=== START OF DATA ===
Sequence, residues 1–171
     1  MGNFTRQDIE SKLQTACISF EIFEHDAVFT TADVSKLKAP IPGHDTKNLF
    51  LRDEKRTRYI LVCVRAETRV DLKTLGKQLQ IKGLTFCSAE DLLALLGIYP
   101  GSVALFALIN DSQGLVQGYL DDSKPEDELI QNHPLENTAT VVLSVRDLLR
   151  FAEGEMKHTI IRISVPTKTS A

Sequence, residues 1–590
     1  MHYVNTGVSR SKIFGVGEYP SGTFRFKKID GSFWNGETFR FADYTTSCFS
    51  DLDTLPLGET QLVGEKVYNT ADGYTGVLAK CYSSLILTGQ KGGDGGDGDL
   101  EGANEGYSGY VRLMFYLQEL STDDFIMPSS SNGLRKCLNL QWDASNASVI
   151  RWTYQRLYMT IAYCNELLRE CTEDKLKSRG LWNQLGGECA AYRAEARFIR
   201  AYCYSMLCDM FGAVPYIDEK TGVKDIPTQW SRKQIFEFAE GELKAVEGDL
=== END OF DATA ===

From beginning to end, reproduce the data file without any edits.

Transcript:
Sequence, residues 1–171
     1  MGNFTRQDIE SKLQTACISF EIFEHDAVFT TADVSKLKAP IPGHDTKNLF
    51  LRDEKRTRYI LVCVRAETRV DLKTLGKQLQ IKGLTFCSAE DLLALLGIYP
   101  GSVALFALIN DSQGLVQGYL DDSKPEDELI QNHPLENTAT VVLSVRDLLR
   151  FAEGEMKHTI IRISVPTKTS A

Sequence, residues 1–590
     1  MHYVNTGVSR SKIFGVGEYP SGTFRFKKID GSFWNGETFR FADYTTSCFS
    51  DLDTLPLGET QLVGEKVYNT ADGYTGVLAK CYSSLILTGQ KGGDGGDGDL
   101  EGANEGYSGY VRLMFYLQEL STDDFIMPSS SNGLRKCLNL QWDASNASVI
   151  RWTYQRLYMT IAYCNELLRE CTEDKLKSRG LWNQLGGECA AYRAEARFIR
   201  AYCYSMLCDM FGAVPYIDEK TGVKDIPTQW SRKQIFEFAE GELKAVEGDL